Can Surgery Prevent Cancer?

Can Surgery Prevent Cancer?

In a controversial move, Angelina Jolie announced yesterday that she had a double mastectomy, surgically removing both of her breasts even though she does not have breast cancer. She carries the BRCA1 gene, which supposedly predisposes women to developing cancer. In an op-ed piece she penned for the New York Times, Jolie revealed that doctors had estimated she had an 87 percent risk of breast cancer and a 50 percent risk of ovarian cancer.

While widely praised for her move, Jolie’s decision and the announcement of that decision weigh heavily on those of us in the medical field that prefer a less invasive, holistic and functional approach to health.  The fact remains that the practice of preventing cancer with surgery is still a theory – and a dangerous road for mainstream medicine to head down. We would never suggest patients who have just been diagnosed with diabetes surgically remove their legs in an effort to prevent developing gangrene.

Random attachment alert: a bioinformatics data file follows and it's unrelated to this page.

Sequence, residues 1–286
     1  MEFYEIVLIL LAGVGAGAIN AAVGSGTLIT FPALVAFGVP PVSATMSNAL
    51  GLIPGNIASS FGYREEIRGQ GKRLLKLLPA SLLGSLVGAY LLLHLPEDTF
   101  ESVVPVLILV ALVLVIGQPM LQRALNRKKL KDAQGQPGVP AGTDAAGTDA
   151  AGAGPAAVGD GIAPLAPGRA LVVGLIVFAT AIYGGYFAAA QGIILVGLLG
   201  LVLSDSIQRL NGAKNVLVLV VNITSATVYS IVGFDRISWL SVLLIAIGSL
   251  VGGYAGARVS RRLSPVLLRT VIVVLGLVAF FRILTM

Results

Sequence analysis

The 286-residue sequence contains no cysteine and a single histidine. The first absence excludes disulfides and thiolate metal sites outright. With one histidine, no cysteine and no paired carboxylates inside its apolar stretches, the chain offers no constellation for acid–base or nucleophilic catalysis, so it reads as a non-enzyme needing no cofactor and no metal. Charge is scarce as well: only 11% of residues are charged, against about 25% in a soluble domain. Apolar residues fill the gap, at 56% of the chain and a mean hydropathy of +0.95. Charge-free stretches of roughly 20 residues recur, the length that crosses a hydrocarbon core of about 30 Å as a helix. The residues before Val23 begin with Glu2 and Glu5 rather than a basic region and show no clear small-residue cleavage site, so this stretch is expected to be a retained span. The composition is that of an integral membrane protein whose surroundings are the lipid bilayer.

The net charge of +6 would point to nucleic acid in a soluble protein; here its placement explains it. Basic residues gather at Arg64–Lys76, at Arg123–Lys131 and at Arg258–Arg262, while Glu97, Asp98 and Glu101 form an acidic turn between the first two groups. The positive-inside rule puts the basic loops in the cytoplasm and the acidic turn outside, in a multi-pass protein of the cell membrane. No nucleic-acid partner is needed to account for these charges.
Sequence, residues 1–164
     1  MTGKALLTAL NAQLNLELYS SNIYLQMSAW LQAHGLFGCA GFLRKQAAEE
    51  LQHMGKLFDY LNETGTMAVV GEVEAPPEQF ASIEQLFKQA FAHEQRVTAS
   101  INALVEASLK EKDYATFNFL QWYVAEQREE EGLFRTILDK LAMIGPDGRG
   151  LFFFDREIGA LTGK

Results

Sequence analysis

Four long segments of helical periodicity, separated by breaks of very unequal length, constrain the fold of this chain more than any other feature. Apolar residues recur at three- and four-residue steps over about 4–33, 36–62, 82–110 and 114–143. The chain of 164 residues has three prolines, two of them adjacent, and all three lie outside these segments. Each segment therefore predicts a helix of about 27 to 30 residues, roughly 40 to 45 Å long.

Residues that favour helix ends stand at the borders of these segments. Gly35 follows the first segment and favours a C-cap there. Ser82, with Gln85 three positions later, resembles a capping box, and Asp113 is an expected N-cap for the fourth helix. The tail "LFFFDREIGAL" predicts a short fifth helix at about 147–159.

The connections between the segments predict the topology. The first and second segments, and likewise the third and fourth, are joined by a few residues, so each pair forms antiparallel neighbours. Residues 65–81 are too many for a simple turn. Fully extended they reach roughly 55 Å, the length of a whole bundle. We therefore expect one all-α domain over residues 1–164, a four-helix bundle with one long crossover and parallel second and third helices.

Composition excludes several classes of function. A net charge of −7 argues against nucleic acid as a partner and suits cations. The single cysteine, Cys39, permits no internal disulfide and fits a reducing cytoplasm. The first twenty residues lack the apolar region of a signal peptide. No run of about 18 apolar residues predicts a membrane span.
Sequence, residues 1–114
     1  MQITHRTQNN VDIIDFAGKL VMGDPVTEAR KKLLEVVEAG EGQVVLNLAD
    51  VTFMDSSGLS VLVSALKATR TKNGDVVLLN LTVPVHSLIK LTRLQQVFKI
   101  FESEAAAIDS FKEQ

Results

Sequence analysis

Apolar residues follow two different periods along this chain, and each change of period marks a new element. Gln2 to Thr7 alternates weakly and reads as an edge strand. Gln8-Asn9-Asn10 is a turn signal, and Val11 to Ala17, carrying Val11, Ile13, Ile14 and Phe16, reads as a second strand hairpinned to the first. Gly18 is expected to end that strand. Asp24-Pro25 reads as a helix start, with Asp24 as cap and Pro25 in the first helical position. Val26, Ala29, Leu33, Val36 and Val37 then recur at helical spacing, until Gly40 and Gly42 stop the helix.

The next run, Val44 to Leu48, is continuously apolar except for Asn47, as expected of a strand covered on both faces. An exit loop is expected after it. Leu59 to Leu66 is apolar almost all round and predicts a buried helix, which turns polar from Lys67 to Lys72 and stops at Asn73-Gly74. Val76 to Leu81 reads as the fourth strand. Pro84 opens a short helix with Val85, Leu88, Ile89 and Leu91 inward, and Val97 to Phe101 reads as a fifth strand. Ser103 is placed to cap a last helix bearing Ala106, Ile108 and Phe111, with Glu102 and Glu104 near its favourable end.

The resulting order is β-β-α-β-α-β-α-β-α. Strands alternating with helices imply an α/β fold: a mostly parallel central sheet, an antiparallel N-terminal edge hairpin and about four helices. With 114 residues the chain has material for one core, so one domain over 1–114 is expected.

Millions of women carry the BRCA1 and BRCA2 genes and will never develop breast cancer because they lead a healthy, anti-cancer lifestyle based on nutrition, exercise, proper brain-body connectivity and avoidance of cancer-causing chemicals.

Genes can only be turned on when the conditions are right. Living your life the way you were genetically designed will not turn on these types of genes. In addition, cancer is a systemic disease, it does not specifically target one set of tissues or organs. It is often detected and labeled as such, but the body needs to be treated as a whole entity. One of our main problems today in “health care” is the fractionalization of our total wellness. The belief that illness can be compartmentalized is ridiculous.

Take responsibility by making healthy lifestyle choices. Get your health In Line!

– Dr. Blaine

 

(Photo courtesy Fox News)